10 Types of Lizards in Hawaii

Types of Lizards in Hawaii
Photo by Egor Kamelev

Are you planning on visiting the beautiful islands of Hawaii? Chances are you know what to expect in terms of things like beaches and waterfalls and natural wonders that will keep your camera’s memory card full. 

But did you know there are many incredible types of lizards in Hawaii, too? Here’s a breakdown of some of the most interesting ones to check out while you’re there!

1. Cuban Knight Anole

The Cuban Knight Anole is native to Cuba and the Bahamas, and this species is one of the types of lizards in Hawaii.

They are medium-sized lizards, growing from 4-8 inches long, with slender bodies and small heads. Also, they vary in color from green to yellow or brown.

Cuban Knight Anoles can sometimes be found around residential areas and often come into contact with humans because they like to bask on low tree branches. Cuban Knight Anoles are omnivores that feed on arthropods, snails, fruits, flowers, nuts, and seeds.

2. Brown Anole

The brown anole, scientifically known as Anolis sagrei, is a type of lizard that belongs to the family Dactyloidae.

They are native to Central and South America and reach lengths up to 8 inches long. Brown anoles have small heads and feet, while their tails are more comprehensive than tall.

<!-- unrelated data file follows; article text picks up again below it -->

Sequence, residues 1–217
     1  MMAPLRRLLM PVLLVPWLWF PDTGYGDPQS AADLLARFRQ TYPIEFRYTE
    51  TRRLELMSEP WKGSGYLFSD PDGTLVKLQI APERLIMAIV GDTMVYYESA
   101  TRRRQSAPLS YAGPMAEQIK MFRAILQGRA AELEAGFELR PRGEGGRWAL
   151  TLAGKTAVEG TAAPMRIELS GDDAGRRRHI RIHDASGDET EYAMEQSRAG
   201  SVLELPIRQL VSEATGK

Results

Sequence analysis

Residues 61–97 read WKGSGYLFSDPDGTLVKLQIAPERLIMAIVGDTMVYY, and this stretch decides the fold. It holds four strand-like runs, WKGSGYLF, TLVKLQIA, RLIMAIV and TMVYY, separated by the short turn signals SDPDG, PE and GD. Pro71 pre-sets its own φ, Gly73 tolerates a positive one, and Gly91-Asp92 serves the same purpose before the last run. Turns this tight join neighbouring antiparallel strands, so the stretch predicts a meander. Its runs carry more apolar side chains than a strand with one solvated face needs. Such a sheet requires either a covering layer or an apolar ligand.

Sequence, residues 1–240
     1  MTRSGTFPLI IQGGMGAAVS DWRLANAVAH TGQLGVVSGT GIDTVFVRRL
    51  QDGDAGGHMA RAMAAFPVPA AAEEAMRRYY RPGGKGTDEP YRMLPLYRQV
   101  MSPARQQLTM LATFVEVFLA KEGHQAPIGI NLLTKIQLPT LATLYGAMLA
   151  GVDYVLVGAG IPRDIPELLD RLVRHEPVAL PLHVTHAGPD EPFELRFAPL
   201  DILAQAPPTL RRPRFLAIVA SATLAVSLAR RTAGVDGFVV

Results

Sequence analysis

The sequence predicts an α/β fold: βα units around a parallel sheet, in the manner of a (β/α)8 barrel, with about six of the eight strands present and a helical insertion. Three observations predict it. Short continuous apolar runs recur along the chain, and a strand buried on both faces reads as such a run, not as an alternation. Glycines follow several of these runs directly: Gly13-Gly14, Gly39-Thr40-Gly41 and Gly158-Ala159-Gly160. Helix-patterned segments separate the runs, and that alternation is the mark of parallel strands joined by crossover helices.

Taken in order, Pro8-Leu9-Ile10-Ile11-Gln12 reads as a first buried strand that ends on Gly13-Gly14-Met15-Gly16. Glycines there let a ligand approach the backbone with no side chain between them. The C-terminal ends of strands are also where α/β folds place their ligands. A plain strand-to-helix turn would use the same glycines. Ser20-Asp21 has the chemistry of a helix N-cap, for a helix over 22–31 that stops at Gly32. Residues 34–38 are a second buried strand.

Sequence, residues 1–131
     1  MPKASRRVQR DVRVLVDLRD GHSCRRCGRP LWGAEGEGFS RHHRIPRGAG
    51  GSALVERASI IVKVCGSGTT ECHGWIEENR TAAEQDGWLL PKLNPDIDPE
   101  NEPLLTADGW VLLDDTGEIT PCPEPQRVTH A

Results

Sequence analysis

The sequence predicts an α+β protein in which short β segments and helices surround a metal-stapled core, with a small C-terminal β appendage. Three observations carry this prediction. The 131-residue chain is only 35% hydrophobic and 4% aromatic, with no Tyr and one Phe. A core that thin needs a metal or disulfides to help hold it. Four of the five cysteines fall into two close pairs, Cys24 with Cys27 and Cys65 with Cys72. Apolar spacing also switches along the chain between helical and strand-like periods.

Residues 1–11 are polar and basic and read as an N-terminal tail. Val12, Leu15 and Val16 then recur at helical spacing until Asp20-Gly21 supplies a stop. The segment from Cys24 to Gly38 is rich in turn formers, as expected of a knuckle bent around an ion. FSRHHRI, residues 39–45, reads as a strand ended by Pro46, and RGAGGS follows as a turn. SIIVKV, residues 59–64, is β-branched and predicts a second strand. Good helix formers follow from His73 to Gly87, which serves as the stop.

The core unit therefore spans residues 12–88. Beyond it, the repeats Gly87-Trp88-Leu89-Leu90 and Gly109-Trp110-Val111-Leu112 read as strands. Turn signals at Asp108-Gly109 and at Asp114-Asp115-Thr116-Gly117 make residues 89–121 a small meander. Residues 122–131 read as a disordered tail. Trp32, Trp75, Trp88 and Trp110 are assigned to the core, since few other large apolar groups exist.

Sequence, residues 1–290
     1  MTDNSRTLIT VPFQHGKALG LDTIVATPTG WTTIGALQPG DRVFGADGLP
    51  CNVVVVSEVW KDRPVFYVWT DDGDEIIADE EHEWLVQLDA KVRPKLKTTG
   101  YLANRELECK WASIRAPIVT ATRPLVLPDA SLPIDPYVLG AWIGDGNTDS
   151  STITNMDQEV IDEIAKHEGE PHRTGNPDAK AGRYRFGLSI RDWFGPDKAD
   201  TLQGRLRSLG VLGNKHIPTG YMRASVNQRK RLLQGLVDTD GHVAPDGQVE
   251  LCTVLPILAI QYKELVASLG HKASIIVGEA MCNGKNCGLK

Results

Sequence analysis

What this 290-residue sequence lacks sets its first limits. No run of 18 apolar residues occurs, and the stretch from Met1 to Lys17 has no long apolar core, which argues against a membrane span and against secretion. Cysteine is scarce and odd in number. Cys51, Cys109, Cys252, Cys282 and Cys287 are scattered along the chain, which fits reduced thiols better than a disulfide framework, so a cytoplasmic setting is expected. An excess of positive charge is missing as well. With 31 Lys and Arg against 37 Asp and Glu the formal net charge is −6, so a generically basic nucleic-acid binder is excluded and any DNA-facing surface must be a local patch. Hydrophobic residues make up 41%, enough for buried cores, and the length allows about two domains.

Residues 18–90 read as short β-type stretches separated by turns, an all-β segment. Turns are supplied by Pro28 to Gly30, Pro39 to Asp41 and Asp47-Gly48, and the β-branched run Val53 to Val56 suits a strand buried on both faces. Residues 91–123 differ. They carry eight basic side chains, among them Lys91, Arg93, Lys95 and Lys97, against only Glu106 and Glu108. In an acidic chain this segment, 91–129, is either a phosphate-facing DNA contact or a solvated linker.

The brown anole feeds primarily on other insects, such as ants or crickets, but may also eat tiny frogs, lizards, moths, spiders, worms, etc. Adult brown anoles live around 3-4 years, while juveniles live 2-3 years on average.

3. Jackson’s Chameleon

While most people are familiar with the native Gecko, there are many other types of lizards in Hawaii that you might not have heard about. 

Jackson’s Chameleon: Known for their human-like hands, these types of lizards in Hawaii can be found on Mauna Loa. They grow to be from 7 – 10 inches long and can range from light green to dark brown or blackish green.

4. Common House Gecko

Common House Geckos are one of Hawaii’s more common types of lizards. Common House Geckos are also invasive, as they have been introduced to many places worldwide. 

Furthermore, they’re nocturnal animals and do not like to be handled or exposed to light for too long. Common House Geckos are not endangered or threatened, but there is concern about their ability to survive natural disasters because they’re found on every significant Hawaiian island. 

Common House Geckos get their name from a well-known tendency to live in human dwellings. However, they occasionally venture into holes that provide protection and shade during hot days.

5. Gold Dust Day Gecko

The Gold Dust Day Gecko is a day gecko endemic to the Hawaiian Islands. Although rare, they are probably the most recognized type of lizard on the islands.

Adults range from 2-4 inches long and can change colors depending on their environment. Their diet consists mainly of spiders, insects, worms, and fruit flies.

Gold Dust Day Geckos come with built-in camouflage to blend into their surroundings, such as a stone or leaf, to look like an inanimate part of their surroundings!

6. Madagascar Giant Day Gecko

Although the Madagascar Giant Day Gecko isn’t necessarily a Hawaiian species, it is found exclusively on the island of Molokai.

This lizard’s scientific name, Phelsuma madagascariensis beryllia, was inspired by its native country and translated to bejeweled.